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Payslips: definition and templates

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Last editedJune 20212 min read

Payslips are a requirement for any business with employees. So, what are payslips, how are they delivered, and what details must be included on one? Find out the answers to these questions in our guide below.

What are payslips?

A payslip is a document, delivered either on paper or electronically. It shows an employee how much they’ve been paid during a specified period at work. A payslip should also show any tax that’s been deducted from their overall pay, as well as other relevant deductions and employer contributions.

In Australia, employers must provide payslips to employees within one working day of any payment. This applies to employees on leave as well as those actively at work.

Details to include on a payslip

A payslip must cover all relevant details relating to an employee’s pay during each pay period. This includes:

  • Date of payment

  • Pay period dates

  • Employer’s name

  • Employer’s ABN

  • Employee’s name

  • Payment amount (Gross and net)

  • Incentive-based payments

  • Bonuses

  • Monetary allowances

  • Penalty rates

For employees paid by the hour, you should list the hourly rate of pay as well as the number of hours worked for the pay period in question.

There must also be a section for relevant deductions, including the account names and numbers for each deduction. If your business makes contributions to the employee’s superannuation fund, you must also include the following details:

  • Name and number of super accounts

  • Amount of super contributions

JobKeeper scheme and payslips

If your business employs any workers under the JobKeeper scheme, these employees must be paid the minimum fortnightly payment of $1500. This should be reflected on the payslip by showing the extra amount paid by the employer, showing that the employee has received their minimum JobKeeper payments.

Payslip format

When looking at most payslip examples, you’ll see that the required information is laid out in a similar way. The date and pay period appear at the very top of the payslip template, followed by all identifying employer information. Below the date and business information, you can list the employee’s wages or salaries along with rate of pay, super contributions, and any other relevant deductions.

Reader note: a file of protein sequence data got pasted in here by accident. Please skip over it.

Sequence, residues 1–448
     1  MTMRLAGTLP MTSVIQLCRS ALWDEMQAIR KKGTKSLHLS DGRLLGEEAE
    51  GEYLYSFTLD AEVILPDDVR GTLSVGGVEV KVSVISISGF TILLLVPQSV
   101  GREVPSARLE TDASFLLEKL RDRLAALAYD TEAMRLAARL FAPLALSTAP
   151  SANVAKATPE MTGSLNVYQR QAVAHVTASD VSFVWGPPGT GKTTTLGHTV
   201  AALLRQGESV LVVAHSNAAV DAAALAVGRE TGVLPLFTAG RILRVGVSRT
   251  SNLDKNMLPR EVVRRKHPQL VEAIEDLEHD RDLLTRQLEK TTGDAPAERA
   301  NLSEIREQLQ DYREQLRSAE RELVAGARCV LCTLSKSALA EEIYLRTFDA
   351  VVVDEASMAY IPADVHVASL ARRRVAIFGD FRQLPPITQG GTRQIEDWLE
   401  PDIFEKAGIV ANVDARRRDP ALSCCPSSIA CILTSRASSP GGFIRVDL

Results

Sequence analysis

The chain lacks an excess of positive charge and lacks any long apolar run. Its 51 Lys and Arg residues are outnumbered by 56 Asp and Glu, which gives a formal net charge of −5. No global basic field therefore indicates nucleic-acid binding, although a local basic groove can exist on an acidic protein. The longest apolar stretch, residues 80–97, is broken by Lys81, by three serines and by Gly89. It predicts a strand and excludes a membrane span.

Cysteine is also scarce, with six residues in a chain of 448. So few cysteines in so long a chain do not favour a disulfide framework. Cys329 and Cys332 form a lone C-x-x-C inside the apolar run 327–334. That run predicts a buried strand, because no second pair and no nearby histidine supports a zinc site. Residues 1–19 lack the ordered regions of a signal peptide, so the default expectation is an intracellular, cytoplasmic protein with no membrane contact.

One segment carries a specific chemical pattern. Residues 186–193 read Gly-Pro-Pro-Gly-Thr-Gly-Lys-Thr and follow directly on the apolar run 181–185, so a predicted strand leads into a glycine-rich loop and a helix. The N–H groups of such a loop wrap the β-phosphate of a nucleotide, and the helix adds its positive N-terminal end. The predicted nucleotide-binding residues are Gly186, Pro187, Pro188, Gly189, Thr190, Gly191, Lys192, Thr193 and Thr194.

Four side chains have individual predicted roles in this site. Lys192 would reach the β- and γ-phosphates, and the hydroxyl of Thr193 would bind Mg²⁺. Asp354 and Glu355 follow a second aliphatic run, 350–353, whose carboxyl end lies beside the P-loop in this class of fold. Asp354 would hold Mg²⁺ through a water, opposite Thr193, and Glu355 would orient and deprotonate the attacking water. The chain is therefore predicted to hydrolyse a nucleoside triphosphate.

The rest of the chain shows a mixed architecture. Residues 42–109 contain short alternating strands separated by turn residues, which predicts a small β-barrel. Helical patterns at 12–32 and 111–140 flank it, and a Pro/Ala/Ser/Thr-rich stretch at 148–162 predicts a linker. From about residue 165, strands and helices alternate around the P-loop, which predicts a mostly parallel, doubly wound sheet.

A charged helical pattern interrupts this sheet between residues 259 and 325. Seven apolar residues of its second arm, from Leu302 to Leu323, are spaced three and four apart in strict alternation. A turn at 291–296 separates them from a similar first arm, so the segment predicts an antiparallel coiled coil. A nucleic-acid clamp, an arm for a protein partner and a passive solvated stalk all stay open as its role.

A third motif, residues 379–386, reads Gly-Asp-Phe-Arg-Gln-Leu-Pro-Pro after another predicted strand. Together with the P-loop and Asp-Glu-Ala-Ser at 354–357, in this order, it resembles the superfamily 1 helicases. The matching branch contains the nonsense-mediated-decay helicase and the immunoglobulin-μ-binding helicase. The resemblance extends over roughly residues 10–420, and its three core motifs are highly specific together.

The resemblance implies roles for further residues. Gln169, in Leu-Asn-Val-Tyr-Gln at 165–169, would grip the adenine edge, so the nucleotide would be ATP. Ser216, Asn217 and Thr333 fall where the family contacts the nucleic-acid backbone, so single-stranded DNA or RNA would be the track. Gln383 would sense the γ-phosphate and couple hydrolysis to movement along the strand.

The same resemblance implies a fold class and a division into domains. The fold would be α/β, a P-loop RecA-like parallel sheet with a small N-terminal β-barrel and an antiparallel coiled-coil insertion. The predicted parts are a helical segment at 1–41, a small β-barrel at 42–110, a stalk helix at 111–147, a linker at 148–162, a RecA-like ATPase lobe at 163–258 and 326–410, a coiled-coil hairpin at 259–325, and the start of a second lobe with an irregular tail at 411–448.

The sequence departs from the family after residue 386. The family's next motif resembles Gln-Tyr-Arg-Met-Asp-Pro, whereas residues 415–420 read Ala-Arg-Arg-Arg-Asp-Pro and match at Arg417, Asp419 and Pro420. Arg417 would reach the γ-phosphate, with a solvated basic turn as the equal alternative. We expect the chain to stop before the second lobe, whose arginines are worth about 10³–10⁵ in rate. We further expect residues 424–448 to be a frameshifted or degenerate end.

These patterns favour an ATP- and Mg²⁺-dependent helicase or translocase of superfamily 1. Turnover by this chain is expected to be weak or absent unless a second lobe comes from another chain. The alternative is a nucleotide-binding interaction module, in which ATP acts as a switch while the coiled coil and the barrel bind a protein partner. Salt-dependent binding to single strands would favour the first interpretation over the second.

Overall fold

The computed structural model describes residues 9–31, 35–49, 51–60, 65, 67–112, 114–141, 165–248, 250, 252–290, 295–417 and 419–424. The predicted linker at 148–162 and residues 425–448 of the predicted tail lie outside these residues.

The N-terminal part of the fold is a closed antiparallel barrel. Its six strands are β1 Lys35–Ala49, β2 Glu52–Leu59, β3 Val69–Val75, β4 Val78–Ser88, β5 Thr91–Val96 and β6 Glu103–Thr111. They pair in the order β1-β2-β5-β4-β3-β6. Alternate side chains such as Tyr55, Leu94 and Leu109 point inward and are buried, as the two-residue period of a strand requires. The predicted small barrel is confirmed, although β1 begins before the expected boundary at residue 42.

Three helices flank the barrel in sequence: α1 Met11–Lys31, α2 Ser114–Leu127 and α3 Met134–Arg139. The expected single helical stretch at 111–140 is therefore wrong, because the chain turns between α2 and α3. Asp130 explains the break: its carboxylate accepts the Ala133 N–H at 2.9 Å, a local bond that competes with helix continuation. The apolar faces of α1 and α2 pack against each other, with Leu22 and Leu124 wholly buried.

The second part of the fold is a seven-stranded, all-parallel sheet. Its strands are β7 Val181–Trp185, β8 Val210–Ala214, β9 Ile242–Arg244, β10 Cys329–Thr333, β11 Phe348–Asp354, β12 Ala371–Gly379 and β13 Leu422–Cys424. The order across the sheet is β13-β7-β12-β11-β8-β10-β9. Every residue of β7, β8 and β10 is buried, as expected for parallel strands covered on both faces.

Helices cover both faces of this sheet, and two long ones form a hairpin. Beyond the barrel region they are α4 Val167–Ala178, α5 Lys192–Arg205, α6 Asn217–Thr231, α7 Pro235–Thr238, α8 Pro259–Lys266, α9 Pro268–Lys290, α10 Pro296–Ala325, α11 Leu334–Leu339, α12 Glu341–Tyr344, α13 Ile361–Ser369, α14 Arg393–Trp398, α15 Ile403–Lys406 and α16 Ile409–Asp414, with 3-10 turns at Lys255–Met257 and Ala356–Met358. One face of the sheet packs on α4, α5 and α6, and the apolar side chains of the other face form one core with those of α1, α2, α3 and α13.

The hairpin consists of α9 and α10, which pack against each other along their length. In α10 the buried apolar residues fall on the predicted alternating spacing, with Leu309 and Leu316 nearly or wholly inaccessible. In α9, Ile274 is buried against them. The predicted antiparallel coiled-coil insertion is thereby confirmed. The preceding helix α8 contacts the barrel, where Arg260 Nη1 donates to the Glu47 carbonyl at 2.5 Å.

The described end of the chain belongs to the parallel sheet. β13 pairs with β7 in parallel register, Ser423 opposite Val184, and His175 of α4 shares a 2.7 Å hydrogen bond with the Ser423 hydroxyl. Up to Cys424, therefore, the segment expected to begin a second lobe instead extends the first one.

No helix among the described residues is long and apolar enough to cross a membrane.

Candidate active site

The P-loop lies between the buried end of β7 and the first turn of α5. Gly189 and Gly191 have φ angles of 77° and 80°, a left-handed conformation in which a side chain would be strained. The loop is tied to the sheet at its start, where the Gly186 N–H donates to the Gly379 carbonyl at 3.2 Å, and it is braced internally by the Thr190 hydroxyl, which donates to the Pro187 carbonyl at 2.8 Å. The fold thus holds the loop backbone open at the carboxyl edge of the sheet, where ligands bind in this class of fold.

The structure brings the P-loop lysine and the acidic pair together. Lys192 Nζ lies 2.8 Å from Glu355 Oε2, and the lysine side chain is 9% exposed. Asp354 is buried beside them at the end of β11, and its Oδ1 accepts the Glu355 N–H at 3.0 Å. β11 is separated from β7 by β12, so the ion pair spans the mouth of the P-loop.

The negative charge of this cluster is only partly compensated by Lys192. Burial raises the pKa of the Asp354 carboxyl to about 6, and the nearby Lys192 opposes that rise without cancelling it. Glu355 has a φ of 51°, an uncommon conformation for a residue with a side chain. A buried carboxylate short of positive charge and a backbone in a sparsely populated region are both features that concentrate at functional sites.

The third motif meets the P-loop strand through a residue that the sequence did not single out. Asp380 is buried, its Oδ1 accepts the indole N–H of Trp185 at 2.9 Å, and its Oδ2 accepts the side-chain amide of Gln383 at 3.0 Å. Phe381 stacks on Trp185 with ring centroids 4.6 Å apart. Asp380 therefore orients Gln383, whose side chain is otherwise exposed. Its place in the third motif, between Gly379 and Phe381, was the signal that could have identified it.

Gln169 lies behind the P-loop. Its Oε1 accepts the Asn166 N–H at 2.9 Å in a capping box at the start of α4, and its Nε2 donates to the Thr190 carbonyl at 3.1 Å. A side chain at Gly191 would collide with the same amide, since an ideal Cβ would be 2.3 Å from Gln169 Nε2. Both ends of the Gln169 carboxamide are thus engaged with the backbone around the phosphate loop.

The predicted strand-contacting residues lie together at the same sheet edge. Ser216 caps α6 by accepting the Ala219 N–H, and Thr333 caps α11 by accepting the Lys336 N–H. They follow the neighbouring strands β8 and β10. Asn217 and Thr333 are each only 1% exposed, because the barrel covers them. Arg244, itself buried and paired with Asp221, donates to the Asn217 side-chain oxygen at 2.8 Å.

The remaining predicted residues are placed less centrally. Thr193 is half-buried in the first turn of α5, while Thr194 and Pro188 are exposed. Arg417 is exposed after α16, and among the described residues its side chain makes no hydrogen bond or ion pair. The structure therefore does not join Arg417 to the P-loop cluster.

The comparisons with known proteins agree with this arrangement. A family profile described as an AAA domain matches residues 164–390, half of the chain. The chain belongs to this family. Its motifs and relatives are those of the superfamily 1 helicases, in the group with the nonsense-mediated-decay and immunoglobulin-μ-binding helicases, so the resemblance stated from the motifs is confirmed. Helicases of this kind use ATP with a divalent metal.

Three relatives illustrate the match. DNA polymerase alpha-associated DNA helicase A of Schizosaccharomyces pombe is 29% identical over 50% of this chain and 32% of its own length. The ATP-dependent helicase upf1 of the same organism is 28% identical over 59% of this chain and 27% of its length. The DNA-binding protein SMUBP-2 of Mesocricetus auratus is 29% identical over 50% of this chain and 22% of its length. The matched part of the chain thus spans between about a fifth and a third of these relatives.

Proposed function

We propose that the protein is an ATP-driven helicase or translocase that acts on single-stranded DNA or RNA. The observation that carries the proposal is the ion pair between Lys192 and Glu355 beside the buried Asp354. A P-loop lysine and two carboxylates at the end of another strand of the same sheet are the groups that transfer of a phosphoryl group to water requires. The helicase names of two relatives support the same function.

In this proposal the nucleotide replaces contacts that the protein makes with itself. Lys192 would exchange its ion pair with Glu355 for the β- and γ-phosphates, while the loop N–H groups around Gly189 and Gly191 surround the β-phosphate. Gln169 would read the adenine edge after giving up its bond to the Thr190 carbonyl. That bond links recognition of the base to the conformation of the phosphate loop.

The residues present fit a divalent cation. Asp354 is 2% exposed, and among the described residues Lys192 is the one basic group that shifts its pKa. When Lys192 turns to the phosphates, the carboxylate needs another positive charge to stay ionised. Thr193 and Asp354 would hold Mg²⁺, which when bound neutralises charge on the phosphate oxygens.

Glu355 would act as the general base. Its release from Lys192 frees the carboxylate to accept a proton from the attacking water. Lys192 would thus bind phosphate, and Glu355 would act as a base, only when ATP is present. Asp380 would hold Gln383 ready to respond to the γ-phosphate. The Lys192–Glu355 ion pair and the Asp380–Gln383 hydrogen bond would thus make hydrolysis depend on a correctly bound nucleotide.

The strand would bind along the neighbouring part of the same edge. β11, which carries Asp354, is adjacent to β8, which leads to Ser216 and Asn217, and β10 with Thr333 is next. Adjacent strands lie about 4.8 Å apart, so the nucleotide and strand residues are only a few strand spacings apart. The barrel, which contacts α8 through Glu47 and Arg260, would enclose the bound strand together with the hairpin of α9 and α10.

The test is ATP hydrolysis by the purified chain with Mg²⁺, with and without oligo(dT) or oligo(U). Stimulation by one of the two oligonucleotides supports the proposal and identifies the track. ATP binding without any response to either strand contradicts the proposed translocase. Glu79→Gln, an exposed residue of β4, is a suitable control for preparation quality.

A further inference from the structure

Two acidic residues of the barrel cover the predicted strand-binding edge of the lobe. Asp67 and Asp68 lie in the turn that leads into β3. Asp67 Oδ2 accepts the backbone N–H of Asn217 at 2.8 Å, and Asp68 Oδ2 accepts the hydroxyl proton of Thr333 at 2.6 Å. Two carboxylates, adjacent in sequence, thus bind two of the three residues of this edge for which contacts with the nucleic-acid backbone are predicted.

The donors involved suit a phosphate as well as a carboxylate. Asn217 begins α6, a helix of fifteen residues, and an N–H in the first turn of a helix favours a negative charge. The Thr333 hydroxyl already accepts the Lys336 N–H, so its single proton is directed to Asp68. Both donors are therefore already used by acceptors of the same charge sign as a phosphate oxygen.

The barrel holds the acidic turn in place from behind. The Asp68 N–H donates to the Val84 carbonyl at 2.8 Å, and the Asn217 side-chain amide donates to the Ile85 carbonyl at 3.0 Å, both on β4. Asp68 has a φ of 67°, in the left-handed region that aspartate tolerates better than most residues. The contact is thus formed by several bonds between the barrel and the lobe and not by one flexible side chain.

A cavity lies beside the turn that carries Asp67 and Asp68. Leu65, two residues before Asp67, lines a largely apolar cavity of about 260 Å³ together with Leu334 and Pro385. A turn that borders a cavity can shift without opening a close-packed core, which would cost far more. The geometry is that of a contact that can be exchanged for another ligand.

Easy payslip template

The following payslip template is adapted from an example available for download on the Fair Work Ombudsman website, where you’ll find additional payslip examples. You can simply copy this payslip format and adjust it to best suit your business’s needs.



Date of Payment:


Pay Period:








Employee’s name:


Employer’s name:


Employer’s ABN (if any):


Classification/Job Title under the Award(s)/Agreement(s):


Name of Award(s)/Agreement(s):


Ordinary hourly rate:


and/or annual rate (salary):






Wages for ordinary hours worked

00 hours



<Insert any leave taken during the pay period>

00 hours*




<Insert name of entitlement >

00 hours*



<Insert name of entitlement>

00 hours*



Gross payment






<Insert any other deductions>


Total deductions


Net payment


Employer superannuation contribution <Insert superannuation contribution>

<Insert account/fund name (or name and number of fund)>




Payslip delivery requirements

All payslips must be delivered to employees in hard copy format or electronically. If you’ve gone paperless, you should ensure that the online payslip format is easy to print. Many businesses are using online accounting packages like QuickBooks Online and Xero to issue payslips, which ensures employees can log in to view their payment details as needed. This helps you meet Australia’s Single Touch Payroll obligations at the same time.

Importance of issuing payslips

It’s important to stay on top of issuing payslips, whether you type them up manually or use an online accounting package. Not only is this vital for your own bookkeeping, but it could also result in penalties.

When employees don’t receive their payslip within one working day of payday, they have the right to report the employer to the Fair Work Ombudsman. Fair Work inspectors might issue an infringement notice, which comes with a fine, for the following reasons:

  1. The payslip has missing or incorrect information

  2. The payslip wasn’t issued within one working day of payday

It’s also illegal for a business to issue false or misleading payslips, which can result in more serious penalties.

To avoid these situations, be sure that you know what information must be included. It’s helpful to use online accounting software to automatically issue your invoices, ensuring you never miss a payday.

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